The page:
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Can we Promote Liver Regeneration in Patients with Decompensated Cirrhosis?

The combination of granulocyte colony-stimulating factor (G-CSF) and a long-acting form of erythropoietin increases survival of patients with decompensated cirrhosis, researchers report in the June issue of Gastroenterology. The growth factor combination also improved liver function and reduced risk for septic shock within 1 y of treatment.

Decompensation in patients with end-stage liver disease is characterized by the presence of ascites, variceal bleeding, encephalopathy, and/or jaundice. The only established treatment is liver transplantation.

G-CSF is a cytokine that can mobilize hematopoietic stem cells, increase production of hepatocyte growth factor, and induce hepatic progenitor cells to proliferate. It has been shown to increase survival of patients with acute-on-chronic liver failure.

Erythropoietin regulates red blood cell production by promoting erythroid differentiation and initiating hemoglobin synthesis. It was reported to stimulate hepatic regeneration and increase liver function in animals.

Chandan Kumar Kedarisetty et al therefore investigated whether these growth factors could induce liver regeneration and help patients with decompensated cirrhosis.

In a double-blind study, 55 patients were randomly assigned to groups given subcutaneous G-CSF (5 µg/kg/day for 5 days and then every third day, for a total of 12 doses) plus subcutaneous darbepoetin α (a long-acting erythropoietin; 40 µg/week for 4 weeks) or placebo. Both groups received standard medical care and were followed for 12 months.

A significantly higher proportion of patients in the growth factor group survived for the following 12 months (68.6%) than in the placebo group (26.9%, see figure).

Kaplan-Meier curve showing the overall survival at 12 months in the growth factor and control groups.
Kaplan-Meier curve showing the overall survival at 12 months in the growth factor and control groups.

The growth factor group also had significant improvements in liver function, based on Child-Pugh and model for end-stage liver disease scores.

The need for large-volume paracentesis was significantly reduced in growth factor group, compared with controls, and a lower proportion developed septic shock (6.9%) during the follow-up period, compared with controls (38.5%). No major adverse events were observed in either group. There was no significant difference in hepatic venous pressure gradient between groups.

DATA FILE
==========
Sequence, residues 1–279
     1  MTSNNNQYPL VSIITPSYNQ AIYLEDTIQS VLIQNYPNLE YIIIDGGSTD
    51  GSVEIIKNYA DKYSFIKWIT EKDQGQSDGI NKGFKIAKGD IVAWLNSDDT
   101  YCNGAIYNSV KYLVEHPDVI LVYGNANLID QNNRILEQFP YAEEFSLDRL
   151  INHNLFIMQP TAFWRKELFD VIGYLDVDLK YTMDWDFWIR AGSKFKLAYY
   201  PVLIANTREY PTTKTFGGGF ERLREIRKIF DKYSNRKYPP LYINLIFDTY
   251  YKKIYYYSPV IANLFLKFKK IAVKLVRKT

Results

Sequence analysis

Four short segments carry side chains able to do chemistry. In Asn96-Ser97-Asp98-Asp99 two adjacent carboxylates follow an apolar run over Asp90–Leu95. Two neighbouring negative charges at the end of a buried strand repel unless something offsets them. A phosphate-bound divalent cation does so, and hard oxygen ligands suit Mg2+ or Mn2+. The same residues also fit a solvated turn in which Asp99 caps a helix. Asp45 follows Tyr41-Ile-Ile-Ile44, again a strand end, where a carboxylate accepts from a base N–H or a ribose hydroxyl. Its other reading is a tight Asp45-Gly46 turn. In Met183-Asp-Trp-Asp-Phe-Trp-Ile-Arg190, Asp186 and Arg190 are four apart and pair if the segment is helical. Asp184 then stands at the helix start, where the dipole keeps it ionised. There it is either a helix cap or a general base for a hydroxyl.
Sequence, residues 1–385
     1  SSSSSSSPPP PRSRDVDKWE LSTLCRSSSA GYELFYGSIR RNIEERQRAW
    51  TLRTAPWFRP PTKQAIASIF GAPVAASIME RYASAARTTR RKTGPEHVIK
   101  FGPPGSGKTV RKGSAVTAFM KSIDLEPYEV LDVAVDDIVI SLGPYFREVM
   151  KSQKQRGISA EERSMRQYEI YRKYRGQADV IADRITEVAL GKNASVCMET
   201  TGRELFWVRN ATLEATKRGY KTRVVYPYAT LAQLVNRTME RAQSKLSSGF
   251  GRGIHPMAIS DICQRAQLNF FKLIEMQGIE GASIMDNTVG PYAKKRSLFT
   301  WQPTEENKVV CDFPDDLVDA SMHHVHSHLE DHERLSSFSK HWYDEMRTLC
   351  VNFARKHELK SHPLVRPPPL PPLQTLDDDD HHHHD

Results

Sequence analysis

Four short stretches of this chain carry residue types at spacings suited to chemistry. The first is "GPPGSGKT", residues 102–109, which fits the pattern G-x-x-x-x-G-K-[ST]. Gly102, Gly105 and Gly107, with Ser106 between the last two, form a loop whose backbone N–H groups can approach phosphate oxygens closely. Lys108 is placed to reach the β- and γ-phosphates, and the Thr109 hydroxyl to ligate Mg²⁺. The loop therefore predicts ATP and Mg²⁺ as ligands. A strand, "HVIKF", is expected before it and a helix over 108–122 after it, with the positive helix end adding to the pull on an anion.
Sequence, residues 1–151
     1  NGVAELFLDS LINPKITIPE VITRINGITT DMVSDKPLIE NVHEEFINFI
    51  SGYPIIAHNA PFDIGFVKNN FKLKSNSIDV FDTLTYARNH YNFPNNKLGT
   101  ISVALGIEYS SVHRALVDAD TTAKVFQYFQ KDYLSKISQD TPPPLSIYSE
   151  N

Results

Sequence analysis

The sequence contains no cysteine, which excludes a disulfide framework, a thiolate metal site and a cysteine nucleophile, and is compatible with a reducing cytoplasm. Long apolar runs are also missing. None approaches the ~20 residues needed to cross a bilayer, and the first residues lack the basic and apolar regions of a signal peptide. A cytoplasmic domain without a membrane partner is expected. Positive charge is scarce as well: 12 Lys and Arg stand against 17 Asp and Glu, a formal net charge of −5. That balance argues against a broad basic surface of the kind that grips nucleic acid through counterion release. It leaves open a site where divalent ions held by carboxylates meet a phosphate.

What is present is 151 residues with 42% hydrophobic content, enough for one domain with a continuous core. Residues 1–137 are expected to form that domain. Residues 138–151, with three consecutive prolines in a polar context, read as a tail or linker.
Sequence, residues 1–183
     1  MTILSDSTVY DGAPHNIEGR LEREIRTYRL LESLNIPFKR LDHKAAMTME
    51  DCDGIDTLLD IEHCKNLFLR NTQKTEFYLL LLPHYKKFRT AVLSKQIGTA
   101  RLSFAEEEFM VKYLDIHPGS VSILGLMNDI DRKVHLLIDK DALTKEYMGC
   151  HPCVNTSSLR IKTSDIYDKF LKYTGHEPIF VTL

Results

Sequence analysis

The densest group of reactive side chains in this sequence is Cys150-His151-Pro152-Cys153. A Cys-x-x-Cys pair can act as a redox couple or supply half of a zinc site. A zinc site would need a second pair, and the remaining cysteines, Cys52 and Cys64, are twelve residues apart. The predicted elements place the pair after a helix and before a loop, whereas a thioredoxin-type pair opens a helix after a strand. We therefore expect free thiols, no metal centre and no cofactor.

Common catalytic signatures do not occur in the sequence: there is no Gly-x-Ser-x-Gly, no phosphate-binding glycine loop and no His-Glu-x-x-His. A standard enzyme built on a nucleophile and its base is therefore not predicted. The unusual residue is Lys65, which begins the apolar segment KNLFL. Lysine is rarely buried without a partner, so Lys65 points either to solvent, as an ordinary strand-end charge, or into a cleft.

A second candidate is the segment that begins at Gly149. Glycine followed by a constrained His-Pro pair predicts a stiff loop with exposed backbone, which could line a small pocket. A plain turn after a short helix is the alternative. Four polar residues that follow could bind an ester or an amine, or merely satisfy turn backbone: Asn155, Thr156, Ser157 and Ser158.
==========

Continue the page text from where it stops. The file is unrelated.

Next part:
The authors observed that by 1 month after treatment, the mean level of α-fetoprotein was significantly higher in the growth factor group (6.6±3.6 ng/mL) than in controls (4.7±2.7 ng/mL), indicating increased hepatic regeneration.

Patients in the growth factor group who underwent repeat liver biopsy were found to have an increased density of CD34+, CD133+ proliferating cells at 1 month, compared with controls. The authors state that this is a sign of hepatic regeneration.

Kedarisetty et al explain that the 2 growth factors act on different cell lineages in the bone marrow.

How do these factors promote liver regeneration? The authors explain that bone marrow and liver share a developmental relationship, since hematopoiesis occurs in the fetal liver. The bone marrow is a reservoir for multiple stem cell populations. Systemic administration of G-CSF has been shown to mobilize hematopoietic stem cells, mesenchymal stem cells, and endothelial progenitor cells to move into the peripheral circulation after injury.

Similarly, erythropoietin can activate endothelial progenitor cells and increase their regenerative roles via the PI3KAKT signaling pathway.

Kedarisetty et al state that this is the first double-blind randomized controlled study to show clinical benefit and an overall increased survival from combination of G-CSF and erythropoietin in patients with decompensated liver disease. They add that it is also the first human study to test the effects of erythropoietin in patients with decompensated liver cirrhosis and demonstrate its potential in hepatic regeneration.

However, the findings require confirmation in larger cohort of patients with decompensated liver disease.

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Kristine Novak

Kristine Novak

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About The Author:

Dr. Kristine Novak

Dr. Kristine Novak

Dr. Kristine Novak is a science writer and editor based in San Francisco. She has extensive experience covering gastroenterology, hepatology, immunology, oncology, clinical, and biotechnology research discoveries.

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